Are Digital Currencies Really A Front For Major Crime?


One of the major criticisms levelled against cryptocurrencies are they are a front for organised crime – but is there any evidence to support the claim?

Justice officials around the world argue the anonymity of dealing in digital currencies helps crooks, terrorists and money launderers to ply their dirty trade across borders without fear of detection.

Undoubtedly, the new online frontier set up by the rise of cryptocurrencies has provided new opportunities for fraudsters to operate under the radar of financial regulators and the police.

But there seems to be little hard evidence to suggests digital currencies are any more liable to manipulation by serious criminals than any other financial activity.

Governments and regulators have issued some reports on the relationship between cryptocurrencies and financial crime – but none seem conclusive.

What the evidence says

A report by regulators in Hong Kong says: “While we have not found substantial risks in these newly developing payment methods or commodities, this is a rapidly developing area requiring continued monitoring.”

Research by the Center on Sanctions and Illicit Finance found: “The amount of observed Bitcoin laundering was small – less than 1% of all transactions entering conversion services.”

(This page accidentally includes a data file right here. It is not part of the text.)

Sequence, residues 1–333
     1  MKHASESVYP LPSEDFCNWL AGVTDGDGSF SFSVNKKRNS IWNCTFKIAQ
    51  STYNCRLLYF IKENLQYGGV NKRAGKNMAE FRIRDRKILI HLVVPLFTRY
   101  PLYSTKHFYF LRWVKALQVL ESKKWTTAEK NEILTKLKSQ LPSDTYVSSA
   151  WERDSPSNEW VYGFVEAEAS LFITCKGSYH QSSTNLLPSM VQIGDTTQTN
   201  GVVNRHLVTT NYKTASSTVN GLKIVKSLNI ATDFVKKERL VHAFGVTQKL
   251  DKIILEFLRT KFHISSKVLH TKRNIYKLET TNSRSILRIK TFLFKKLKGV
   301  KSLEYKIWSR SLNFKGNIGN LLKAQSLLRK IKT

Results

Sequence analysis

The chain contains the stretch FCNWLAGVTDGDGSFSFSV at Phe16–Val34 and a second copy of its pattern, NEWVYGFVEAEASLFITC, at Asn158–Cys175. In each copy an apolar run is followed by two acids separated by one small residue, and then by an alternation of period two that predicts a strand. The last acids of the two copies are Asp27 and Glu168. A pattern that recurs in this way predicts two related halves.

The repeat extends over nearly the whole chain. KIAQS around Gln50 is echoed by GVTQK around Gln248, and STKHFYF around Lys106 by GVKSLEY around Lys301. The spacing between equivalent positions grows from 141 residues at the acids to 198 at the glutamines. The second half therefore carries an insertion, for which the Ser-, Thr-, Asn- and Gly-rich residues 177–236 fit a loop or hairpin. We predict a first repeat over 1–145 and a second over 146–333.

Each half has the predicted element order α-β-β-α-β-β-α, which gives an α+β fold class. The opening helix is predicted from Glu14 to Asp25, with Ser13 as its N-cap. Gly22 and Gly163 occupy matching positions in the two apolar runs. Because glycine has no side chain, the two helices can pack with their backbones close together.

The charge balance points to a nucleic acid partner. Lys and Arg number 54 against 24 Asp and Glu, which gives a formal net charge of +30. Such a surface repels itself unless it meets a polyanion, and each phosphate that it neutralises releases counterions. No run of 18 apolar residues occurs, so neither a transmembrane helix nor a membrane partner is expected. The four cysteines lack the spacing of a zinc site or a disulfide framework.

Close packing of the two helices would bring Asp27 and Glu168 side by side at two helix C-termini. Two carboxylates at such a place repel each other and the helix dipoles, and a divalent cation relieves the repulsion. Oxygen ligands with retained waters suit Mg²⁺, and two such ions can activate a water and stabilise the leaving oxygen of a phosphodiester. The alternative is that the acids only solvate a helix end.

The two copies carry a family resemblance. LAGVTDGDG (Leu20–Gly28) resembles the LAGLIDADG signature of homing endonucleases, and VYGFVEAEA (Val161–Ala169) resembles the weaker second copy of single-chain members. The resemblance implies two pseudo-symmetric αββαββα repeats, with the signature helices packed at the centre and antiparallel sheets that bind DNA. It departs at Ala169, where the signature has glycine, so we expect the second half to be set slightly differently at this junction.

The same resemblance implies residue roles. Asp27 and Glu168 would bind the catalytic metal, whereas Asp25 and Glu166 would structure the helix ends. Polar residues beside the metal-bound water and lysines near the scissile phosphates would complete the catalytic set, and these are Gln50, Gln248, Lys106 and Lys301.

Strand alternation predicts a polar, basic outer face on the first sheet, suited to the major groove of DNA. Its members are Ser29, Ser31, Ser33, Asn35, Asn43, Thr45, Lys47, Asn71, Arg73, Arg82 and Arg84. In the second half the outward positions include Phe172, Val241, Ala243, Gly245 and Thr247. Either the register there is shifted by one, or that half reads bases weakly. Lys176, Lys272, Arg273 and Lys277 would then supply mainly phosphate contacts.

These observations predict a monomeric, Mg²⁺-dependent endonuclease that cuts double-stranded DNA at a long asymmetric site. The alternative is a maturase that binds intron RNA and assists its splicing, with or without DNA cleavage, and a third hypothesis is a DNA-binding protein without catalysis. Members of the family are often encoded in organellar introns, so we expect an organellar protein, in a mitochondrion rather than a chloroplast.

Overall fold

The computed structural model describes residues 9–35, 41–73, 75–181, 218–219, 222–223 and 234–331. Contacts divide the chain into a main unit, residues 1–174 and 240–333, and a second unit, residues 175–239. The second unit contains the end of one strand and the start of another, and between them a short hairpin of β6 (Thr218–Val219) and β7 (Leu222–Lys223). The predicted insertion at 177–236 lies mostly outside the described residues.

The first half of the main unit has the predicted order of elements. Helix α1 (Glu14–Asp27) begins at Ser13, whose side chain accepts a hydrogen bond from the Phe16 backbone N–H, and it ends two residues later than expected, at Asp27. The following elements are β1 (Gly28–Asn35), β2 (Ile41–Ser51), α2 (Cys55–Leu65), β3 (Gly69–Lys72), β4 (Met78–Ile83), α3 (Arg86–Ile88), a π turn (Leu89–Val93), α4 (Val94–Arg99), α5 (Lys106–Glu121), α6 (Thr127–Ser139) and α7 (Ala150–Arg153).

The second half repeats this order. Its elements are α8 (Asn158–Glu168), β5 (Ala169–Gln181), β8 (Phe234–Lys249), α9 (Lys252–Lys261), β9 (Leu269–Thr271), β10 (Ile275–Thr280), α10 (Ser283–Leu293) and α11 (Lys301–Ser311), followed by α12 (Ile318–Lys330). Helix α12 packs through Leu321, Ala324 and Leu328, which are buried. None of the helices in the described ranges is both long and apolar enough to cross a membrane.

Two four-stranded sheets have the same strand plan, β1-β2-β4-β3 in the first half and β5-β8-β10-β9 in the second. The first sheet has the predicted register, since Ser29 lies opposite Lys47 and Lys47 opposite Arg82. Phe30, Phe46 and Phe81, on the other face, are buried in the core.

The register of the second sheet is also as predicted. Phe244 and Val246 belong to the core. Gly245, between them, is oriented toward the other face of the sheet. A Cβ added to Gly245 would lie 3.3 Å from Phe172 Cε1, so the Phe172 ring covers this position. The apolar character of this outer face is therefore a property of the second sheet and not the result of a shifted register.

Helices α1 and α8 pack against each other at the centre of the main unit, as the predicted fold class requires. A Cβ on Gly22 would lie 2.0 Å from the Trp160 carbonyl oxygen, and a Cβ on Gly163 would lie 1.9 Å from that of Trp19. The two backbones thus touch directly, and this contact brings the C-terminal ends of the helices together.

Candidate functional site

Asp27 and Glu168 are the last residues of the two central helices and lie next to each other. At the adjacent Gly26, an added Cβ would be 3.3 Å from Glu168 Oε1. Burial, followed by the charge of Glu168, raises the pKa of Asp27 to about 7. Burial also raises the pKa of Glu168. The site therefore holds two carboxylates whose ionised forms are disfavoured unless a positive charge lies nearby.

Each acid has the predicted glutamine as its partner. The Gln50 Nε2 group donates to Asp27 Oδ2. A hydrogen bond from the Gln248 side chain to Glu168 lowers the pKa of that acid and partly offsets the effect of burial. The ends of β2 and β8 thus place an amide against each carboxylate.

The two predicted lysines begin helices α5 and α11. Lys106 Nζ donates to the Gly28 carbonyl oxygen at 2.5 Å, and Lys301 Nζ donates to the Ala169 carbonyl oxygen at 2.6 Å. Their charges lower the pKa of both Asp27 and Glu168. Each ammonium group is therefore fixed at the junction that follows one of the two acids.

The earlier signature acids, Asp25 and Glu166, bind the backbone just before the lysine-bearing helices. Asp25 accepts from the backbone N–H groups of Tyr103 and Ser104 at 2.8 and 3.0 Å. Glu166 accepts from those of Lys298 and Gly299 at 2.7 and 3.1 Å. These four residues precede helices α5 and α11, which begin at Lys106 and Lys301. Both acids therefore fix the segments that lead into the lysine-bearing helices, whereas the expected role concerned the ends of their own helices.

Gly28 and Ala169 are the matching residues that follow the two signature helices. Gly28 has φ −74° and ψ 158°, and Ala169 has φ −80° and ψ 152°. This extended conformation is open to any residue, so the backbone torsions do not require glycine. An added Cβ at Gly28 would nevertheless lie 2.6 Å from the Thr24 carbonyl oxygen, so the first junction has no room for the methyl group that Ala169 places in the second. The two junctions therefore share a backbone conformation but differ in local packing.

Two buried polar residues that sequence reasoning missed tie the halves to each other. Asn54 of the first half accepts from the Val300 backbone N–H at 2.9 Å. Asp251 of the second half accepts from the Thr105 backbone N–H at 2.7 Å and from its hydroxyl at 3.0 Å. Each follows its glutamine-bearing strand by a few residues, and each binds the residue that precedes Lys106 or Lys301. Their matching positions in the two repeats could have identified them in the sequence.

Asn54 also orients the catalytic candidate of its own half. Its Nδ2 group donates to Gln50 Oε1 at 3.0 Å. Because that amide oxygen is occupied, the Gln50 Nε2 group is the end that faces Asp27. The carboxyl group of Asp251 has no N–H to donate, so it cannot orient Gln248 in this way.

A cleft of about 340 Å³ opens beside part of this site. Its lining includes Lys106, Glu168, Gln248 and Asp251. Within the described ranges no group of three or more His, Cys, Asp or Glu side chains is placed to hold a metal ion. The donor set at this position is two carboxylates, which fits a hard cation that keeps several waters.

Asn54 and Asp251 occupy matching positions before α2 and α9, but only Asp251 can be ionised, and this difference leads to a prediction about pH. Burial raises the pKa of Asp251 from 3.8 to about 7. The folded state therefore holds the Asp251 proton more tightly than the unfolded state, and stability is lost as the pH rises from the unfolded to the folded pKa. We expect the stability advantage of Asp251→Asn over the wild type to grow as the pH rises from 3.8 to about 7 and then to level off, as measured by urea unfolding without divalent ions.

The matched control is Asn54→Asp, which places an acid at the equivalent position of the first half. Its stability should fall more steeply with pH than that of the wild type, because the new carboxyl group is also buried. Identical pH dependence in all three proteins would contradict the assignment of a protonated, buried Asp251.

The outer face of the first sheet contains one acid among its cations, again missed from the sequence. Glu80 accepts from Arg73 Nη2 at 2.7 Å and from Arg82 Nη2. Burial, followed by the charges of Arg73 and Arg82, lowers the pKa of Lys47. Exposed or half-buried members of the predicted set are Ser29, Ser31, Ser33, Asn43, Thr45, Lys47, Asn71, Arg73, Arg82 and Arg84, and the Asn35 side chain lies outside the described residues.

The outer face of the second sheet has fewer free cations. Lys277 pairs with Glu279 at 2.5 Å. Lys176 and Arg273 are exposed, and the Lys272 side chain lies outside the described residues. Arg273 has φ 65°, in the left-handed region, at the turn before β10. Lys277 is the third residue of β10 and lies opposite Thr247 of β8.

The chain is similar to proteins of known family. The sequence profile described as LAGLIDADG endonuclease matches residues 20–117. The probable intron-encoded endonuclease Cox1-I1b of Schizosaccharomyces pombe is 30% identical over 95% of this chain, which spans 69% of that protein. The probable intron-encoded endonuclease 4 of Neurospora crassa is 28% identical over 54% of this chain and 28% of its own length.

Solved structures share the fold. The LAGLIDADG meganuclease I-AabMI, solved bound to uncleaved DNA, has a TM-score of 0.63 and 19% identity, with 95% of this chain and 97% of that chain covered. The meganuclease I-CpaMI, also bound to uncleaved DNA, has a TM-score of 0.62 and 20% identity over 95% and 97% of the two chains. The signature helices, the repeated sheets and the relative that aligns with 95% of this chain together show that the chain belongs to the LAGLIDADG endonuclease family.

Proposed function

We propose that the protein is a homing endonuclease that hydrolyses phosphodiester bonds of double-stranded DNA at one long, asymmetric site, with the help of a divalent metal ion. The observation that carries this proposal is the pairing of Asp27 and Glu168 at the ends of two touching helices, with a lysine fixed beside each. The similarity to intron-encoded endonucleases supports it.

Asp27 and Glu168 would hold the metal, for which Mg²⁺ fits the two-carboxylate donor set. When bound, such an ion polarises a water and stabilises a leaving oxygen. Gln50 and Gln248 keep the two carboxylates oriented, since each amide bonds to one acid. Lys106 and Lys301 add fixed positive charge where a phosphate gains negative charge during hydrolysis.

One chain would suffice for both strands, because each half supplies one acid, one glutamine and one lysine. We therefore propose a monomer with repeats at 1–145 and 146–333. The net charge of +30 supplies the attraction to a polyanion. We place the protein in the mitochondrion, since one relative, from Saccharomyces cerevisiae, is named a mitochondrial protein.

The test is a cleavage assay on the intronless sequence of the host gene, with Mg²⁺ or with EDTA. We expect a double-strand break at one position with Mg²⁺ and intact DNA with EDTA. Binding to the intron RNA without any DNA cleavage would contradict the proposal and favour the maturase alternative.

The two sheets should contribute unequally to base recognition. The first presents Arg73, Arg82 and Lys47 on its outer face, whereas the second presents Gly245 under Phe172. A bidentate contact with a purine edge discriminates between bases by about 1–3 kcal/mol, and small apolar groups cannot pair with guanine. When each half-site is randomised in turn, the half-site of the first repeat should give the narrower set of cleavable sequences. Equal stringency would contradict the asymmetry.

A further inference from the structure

Bank of England governor Mark Carney alleges ‘a huge amount of illicit activity’ runs through the virtual world of cryptocurrency – but added that “cryptocurrencies aren’t a risk to the financial state as the amount involved are still small and cryptocurrencies are not connected to the financial system.”

And there’s the truth of the matter. Governments fear the potential of criminals exploiting cryptocurrencies because transactions cross-borders and are anonymous.

That is why they want to act now to establish control over what they view as a grey area hidden from their eyes.

Technological not financial revolution

A clear picture of how the authorities plan to take control of cryptocurrencies is emerging.

They understand they cannot control the consumers because they are not pegged down to a financial or legal jurisdiction, but they can regulate exchanges that have physical locations and personnel that can be subjected to the rule of law.

And the future of cryptocurrency does not appear to reside in Bitcoin, Ethereum or any of the many hundreds of other digital coins and tokens.

Big banks and corporations are moving into the cryptocurrency zone and they regard the blockchain as the key to the future of online transactions.

This makes cryptocurrency a technological revolution, not a move into decentralised currencies.